Music Policy

If you are entering any IJA competition with an act set to music, you must make sure that the IJA has a legal right to use that music in your live performance. You are no longer required to provide the legal right to use your music on our videos, however if you don’t have those rights the IJA will dub over your act with different music on the video.

By entering any IJA competition you agree that the IJA has performance rights for all of your music.

You need the rights to use your music in your live performance. The IJA will purchase live performance licensing from BMI and ASCAP for the festival. This license includes 98% of the music heard on the radio. If your music is covered by these licenses, then the IJA already has the rights it needs and you don’t need to do anything.

Complete listings of the music covered by the IJA’s licensing is available here:

If your music is not covered by these licenses you will need to obtain permission from both the composer and performer.

The IJA can only use your music on the DVD if you can provide adequate proof of publishing rights. For commercial music this is much more difficult and expensive than performance rights. The IJA cannot provide any music licensing for the DVD.

There are two sorts of license needed to use music on a DVD: one for the composition and one for the recording. They are called the master use license and synch rights. You will need to obtain both licenses for each piece of music you use. For original music you may use the form provided at the bottom of this page.

The IJA, along with our DVD replication company, will determine if the proof of publishing rights are adequate. This decision cannot be made at the festival.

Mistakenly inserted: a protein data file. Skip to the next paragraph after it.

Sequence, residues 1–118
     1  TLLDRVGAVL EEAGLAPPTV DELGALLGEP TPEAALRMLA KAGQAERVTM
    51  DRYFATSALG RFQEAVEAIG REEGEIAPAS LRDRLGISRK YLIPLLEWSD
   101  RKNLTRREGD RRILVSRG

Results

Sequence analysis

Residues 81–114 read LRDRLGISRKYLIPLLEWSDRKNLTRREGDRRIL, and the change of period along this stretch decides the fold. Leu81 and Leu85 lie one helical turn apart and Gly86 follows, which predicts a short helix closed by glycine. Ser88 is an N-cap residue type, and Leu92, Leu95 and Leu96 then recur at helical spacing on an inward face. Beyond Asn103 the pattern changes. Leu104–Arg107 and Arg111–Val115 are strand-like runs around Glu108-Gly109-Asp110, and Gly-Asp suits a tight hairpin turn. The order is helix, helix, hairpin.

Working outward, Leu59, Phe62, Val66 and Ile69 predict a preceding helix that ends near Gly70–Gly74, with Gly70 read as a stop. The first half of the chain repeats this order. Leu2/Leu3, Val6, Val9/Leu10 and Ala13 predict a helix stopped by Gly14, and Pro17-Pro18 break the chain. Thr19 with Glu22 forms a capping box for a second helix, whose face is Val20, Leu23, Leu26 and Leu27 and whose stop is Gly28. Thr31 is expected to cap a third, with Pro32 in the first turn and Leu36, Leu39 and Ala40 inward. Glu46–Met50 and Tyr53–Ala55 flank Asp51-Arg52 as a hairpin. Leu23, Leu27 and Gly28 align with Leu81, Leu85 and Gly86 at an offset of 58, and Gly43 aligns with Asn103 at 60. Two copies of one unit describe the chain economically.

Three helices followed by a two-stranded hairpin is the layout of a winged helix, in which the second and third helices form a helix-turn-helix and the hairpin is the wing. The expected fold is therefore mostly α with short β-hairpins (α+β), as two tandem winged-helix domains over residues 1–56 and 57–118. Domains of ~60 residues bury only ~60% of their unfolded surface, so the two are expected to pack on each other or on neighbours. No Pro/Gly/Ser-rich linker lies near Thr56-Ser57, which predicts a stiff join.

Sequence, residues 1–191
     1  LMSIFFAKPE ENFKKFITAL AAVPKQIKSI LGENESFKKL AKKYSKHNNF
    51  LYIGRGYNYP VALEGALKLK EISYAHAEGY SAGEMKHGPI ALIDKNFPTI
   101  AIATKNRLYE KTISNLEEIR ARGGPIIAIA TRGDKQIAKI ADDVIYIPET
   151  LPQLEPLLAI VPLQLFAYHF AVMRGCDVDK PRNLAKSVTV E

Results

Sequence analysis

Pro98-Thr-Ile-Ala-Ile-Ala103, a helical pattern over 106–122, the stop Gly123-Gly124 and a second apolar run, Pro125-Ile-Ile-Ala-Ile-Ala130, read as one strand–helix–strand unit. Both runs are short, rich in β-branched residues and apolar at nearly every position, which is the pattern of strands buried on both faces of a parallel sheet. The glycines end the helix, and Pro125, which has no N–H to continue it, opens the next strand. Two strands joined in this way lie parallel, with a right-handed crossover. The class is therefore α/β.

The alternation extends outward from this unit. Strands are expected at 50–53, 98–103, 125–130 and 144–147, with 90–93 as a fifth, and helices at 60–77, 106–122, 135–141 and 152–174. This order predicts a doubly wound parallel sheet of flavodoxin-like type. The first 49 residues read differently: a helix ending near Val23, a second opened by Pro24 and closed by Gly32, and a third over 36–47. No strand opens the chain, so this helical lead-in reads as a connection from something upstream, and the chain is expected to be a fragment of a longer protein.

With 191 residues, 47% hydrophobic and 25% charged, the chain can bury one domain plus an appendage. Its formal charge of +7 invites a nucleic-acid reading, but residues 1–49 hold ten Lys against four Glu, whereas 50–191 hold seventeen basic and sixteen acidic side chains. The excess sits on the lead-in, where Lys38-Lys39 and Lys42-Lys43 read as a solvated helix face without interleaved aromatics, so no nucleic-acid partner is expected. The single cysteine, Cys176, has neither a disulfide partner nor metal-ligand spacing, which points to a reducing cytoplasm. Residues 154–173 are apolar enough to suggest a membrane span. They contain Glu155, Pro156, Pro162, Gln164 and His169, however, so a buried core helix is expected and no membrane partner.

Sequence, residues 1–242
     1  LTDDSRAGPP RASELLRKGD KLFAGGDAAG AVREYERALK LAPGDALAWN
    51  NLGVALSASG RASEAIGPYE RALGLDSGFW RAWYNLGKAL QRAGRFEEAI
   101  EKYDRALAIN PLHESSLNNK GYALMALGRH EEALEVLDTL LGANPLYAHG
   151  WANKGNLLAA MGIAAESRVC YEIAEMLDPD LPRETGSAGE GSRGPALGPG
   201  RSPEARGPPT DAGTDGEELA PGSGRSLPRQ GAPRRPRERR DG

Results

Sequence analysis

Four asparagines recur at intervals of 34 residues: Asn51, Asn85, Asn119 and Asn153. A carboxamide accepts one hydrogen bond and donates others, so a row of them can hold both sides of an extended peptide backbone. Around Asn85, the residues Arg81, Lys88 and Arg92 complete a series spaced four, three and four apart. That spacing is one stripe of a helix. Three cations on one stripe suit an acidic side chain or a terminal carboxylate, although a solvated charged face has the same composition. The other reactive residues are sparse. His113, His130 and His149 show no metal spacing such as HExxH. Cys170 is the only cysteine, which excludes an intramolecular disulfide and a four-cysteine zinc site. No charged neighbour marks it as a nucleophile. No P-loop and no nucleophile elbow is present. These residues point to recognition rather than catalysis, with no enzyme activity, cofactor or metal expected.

If you cannot obtain adequate proof of publishing rights your music will be dubbed over on the DVD.

Yes. If you provide the name of the company you bought it from, the name of the track, a copy of the license agreement that came with the CD or download and proof of purchase, we will very likely be able to use it on the DVD.

You can buy CDs of royalty free music in various styles from a variety of vendors. Typically they cost $100 per CD or $30 per track and up. Here are some sources:

There are many more and most of them will let you listen to the music on their web site before you buy the rights.

No. Those agencies only license music for broadcast, live performance or audio reproduction. For rights to include a song on a DVD, you need to go to the record company directly. They all have a licensing department. Unfortunately, the rights from major record companies are usually expensive, from $600 total for a little known song or artist, up to thousands of dollars for a popular hit. There is an agency called the Music Bridge http://www.themusicbridge.com/ that can help you obtain these rights if you have difficulty contacting the record company.

The DVD is produced by the

International Jugglers’ Association

a 501 (c) 3 non-profit corporation, EIN 16-1111652. It will be called “Highlights and Championships XXXX” (or “Individual Prop Competition XXXX”) where XXXX is the current year. No more than 1,000 copies of the video will be made, in a single edition to be produced in the current year. The contact person at the IJA is the video coordinator listed on the web site, video@juggle.org.

No. Mech rights allow you to put a cover version of a song on your audio CD. They do not give permission for live performances or videos.